The Copernican Principle of Consciousness According to the Copernican Principle in cosmology, we should assume that we do not occupy a special or privileged place in the cosmos, such as its exact center. According to the Anthropic Principle, we should be unsurprised to discover that we occupy a cosmological position consistent with the existence of intelligent life. The Anthropic Principle is a partial exception to the Copernican Principle: Even if cosmic locations capable of supporting intelligent life are extremely rare,... Splintered Mind -


I checked I called the Chatham County Board of Elections and I think I am okay.  The nice young lady at the other end of the phone told me that my vote has already been scanned into the system and will be reported on election day along with the votes cast that day. Now if only the rest of the country had the same system we would be in pretty good shape, but it doesn't, and we... The Philosopher’s Stone -


NOW I AM REALLY FRIGHTENED Well, I took the suggestion to read this article in the Atlantic and now I am really scared.  What can I do? The only thing I can think of is to call the Chatham County Board of Elections and make sure that my absentee ballot will actually be counted on election day.  If that is not the case, then I need to find out how I can take that back and vote early in person.  Some slight... The Philosopher’s Stone -


Gödel Without Tears, not quite the end I was intending to post Chapter 17 today — the final chapter, dealing with Löb’s Theorem and related results. But looking again at my draft version yesterday, I thought it was/is rather a mess, and that some of the material is even in the wrong chapter. So some not-quite-trivial rewriting is needed. It will be a day or two before I can get down to doing that. Meanwhile, many thanks to all those (some here,... Logic Matters -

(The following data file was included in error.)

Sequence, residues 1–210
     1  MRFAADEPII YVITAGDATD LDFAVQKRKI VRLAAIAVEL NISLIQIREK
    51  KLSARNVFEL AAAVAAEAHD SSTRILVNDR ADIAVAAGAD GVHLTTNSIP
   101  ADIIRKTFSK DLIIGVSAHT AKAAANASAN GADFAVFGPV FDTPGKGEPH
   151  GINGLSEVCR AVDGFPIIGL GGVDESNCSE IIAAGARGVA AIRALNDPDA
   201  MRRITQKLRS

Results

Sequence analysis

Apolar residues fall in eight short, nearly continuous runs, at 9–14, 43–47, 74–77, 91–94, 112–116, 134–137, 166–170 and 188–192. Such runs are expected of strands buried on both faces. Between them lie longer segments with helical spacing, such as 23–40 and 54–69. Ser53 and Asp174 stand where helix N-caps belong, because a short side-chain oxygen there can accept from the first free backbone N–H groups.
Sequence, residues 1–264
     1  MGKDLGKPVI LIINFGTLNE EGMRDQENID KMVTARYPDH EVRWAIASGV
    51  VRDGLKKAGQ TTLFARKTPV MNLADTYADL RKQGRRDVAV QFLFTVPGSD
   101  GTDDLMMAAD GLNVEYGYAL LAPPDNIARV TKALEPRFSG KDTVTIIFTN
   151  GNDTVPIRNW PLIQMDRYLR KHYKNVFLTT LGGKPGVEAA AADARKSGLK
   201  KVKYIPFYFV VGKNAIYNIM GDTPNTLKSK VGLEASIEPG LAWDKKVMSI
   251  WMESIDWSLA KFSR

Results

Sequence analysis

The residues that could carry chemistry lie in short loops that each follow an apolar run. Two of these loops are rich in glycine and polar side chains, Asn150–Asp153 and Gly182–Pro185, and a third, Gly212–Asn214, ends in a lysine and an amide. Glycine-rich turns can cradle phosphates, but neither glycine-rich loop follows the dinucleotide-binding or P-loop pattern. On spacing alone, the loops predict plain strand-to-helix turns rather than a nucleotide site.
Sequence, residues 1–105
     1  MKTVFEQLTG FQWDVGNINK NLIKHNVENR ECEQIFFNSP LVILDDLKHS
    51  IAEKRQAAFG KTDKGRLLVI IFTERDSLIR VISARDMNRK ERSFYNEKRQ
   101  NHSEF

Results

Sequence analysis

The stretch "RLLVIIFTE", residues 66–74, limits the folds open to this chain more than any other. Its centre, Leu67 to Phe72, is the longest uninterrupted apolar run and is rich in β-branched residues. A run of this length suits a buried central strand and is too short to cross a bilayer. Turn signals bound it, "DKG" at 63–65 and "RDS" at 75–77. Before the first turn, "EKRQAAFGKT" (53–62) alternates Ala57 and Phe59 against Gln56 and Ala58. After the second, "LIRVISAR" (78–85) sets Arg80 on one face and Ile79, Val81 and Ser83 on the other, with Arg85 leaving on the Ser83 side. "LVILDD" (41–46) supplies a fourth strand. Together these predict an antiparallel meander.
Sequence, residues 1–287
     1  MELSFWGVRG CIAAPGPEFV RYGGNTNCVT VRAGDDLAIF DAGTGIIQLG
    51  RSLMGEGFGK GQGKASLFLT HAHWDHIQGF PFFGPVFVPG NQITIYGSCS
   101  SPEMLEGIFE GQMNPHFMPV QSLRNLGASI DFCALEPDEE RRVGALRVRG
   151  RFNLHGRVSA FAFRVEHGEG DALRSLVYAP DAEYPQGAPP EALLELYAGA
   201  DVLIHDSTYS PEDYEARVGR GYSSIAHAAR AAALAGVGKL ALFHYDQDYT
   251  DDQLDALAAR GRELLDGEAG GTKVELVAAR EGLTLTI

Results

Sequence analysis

The Music of Dan Fogelberg Peoria Riverfront Park Dan Fogelberg Memorial Site “To every man the mystery Sings a different song He fills his page of history Dreams his dreams and is gone.” A few weeks ago I wrote a post about an especially moving song about death by the American musician Dan Fogelberg whose lyrical rhymes often touch on existential themes. I have listened to his entire musical opus and virtually every song he wrote says something profound about... Reason and Meaning -


Make Arrangements with Yourself Reading Samuel Johnson’s poem reminded me of the enigmatic lines of Neil Young which may refer in an oblique way to hire purchase agreements/arrangements whereby when you have paid half the price of a vehicle you can sell it back, being young enough to sell or keep on paying until you own it as a metaphor for contemplating dropping out.loosened from the minor’s tether,free to mortgage or to sell,Wild as wind, and light as feather,Bid the... Ombhurbhuva -


DONE AND DONE Okay, I have donated $250 to each of four candidates or funds recommended by readers who offered suggestions. That takes care of my royalty check with a bit more added from what I save by only eating half a dinner each night with my wife eating the other half (it helps to keep my weight down.) Many thanks to all made who suggestions and let's hope it helps. The Philosopher’s Stone -